Is ZERO the only good score on a calcium score test?

Is ZERO the only good score on a calcium score test? And is a zero score common/uncommon? Is it seen in typical healthy people, or only in very fit individuals, i.e., people who run two hour marathons and/or those who climb Mt Everest?

Submitted by Rich from Pittsburgh, Pennsylvania on 06/02/2016

by Scott R. Sherron, MD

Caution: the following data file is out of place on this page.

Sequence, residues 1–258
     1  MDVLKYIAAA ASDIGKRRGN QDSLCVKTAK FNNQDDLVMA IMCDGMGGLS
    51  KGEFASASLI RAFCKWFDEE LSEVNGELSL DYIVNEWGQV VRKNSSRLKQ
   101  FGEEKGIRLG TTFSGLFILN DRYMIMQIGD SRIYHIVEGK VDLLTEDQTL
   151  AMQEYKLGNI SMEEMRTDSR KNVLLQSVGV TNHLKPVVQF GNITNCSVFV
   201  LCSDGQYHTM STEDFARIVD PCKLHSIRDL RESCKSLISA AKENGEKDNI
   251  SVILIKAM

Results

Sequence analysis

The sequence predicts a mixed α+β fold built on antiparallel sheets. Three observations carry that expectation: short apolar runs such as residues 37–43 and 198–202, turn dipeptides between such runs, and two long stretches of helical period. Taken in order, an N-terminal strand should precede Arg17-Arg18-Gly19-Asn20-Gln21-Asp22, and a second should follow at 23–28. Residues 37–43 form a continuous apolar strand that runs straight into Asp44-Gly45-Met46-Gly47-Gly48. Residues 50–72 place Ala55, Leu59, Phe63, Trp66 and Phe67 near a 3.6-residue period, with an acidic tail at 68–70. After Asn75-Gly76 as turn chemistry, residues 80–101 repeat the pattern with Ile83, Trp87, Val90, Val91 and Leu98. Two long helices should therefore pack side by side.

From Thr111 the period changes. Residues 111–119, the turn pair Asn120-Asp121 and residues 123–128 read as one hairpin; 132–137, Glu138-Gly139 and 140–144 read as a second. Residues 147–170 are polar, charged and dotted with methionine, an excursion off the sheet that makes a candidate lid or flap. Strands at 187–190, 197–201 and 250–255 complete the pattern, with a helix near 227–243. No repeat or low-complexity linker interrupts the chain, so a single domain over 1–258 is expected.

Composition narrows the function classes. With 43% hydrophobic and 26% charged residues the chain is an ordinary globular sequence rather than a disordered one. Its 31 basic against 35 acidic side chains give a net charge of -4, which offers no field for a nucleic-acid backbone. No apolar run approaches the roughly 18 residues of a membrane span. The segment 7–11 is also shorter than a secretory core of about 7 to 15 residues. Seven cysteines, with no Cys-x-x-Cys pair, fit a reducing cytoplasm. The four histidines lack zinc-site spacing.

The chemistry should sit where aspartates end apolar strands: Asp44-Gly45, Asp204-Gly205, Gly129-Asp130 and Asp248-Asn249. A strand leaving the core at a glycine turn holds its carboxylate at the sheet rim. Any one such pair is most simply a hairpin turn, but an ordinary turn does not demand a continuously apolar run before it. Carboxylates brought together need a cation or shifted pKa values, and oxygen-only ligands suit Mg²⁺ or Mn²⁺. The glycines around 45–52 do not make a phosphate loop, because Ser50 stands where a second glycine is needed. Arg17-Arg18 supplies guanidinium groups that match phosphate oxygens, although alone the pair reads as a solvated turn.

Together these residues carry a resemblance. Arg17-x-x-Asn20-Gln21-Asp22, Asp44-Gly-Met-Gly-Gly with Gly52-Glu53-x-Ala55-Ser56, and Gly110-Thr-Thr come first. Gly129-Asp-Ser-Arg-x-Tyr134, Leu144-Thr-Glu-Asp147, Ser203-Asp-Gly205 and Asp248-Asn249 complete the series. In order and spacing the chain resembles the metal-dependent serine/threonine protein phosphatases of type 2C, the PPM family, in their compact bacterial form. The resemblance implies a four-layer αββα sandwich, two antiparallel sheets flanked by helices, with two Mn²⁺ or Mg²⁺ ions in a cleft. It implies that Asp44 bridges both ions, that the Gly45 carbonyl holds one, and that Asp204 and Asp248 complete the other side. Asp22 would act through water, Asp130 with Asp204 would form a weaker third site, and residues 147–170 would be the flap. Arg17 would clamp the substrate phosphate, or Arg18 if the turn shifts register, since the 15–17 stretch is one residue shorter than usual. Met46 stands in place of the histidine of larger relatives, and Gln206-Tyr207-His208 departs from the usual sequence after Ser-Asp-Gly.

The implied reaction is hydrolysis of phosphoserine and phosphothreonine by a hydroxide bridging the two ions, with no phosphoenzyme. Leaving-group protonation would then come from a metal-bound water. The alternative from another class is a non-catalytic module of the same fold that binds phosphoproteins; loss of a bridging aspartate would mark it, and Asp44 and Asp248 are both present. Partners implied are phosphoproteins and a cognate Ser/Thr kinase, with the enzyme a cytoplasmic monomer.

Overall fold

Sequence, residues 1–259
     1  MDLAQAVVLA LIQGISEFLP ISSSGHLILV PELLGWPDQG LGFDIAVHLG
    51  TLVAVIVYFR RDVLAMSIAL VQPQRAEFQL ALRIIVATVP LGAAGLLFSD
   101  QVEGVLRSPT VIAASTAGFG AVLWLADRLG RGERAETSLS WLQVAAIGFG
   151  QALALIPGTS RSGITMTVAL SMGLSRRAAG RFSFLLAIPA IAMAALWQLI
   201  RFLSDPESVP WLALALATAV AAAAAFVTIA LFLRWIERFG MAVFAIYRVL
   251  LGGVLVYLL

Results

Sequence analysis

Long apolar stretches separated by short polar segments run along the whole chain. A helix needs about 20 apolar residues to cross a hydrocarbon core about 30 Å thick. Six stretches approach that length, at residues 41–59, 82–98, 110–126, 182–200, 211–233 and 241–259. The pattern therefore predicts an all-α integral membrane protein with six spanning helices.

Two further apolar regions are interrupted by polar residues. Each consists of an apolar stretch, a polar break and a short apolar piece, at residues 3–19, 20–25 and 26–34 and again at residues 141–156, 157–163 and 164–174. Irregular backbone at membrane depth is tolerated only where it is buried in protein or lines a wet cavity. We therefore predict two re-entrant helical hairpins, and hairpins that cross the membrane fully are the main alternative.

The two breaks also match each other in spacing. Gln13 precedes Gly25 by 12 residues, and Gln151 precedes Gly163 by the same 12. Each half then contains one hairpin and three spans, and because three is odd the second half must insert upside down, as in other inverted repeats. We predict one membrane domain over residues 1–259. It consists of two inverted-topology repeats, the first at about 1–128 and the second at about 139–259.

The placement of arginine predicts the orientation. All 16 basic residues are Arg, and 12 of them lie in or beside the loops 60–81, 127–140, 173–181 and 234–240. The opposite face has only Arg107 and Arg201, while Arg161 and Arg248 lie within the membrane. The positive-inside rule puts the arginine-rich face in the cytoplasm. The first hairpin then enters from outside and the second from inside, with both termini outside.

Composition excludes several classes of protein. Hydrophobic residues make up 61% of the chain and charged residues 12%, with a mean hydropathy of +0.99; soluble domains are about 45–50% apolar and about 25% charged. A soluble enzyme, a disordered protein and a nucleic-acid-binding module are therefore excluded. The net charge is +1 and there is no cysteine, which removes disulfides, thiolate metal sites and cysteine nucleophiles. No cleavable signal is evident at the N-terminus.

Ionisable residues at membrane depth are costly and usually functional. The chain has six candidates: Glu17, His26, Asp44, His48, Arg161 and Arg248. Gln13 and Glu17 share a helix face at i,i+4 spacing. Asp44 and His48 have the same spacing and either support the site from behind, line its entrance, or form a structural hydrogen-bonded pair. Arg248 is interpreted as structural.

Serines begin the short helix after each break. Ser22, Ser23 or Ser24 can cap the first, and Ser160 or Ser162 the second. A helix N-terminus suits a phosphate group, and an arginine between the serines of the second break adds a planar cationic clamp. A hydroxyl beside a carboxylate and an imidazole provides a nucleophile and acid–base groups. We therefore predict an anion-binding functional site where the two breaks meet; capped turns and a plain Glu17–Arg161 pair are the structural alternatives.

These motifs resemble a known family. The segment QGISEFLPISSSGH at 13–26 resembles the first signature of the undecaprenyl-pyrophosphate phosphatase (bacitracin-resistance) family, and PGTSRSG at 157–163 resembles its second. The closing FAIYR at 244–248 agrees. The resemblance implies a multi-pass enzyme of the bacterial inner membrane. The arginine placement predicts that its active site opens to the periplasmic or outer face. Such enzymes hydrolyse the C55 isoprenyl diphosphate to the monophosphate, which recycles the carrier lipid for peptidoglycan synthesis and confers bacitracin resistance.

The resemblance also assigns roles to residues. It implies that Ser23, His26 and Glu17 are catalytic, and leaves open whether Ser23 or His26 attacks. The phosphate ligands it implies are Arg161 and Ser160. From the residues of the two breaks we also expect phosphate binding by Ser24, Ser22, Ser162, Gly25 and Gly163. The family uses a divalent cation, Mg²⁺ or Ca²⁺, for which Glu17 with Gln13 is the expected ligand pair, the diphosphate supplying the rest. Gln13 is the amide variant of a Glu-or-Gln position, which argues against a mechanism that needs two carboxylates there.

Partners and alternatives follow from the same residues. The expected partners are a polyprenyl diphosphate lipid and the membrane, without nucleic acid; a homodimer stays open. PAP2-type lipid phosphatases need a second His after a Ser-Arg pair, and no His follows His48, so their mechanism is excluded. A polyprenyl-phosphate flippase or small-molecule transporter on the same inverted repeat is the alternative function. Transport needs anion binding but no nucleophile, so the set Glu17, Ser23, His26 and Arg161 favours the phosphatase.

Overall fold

Zero is clearly the best score and is the “normal” score. Calcium is a marker for plaque and is attracted to plaque in the coronary vessels. While it is technically abnormal to have any plaque, it is extremely common to develop at least some plaque with age, so that a percentile scoring system was developed to allow comparisons to others in same age range. Most cardiologists will also treat a score of up to 10 as essentially normal. Furthermore, the score can be used to very loosely assess overall plaque burden. However, there is a large variation in the tendency to calcify plaque and therefore the same amount of plaque can vary widely in Ca score. There is also some delay between the formation of plaque and the deposition of calcium so that it is possible to have a Ca score of zero even with some plaque present. Still, a zero score is very reassuring. Many generally healthy people of all ages have a zero Ca score. It is not limited to super athletes. Mainly, Ca scoring is useful as a risk stratification tool and can help decide who to screen for silent coronary disease (and how often) as well as guide the aggressiveness of cholesterol treatment.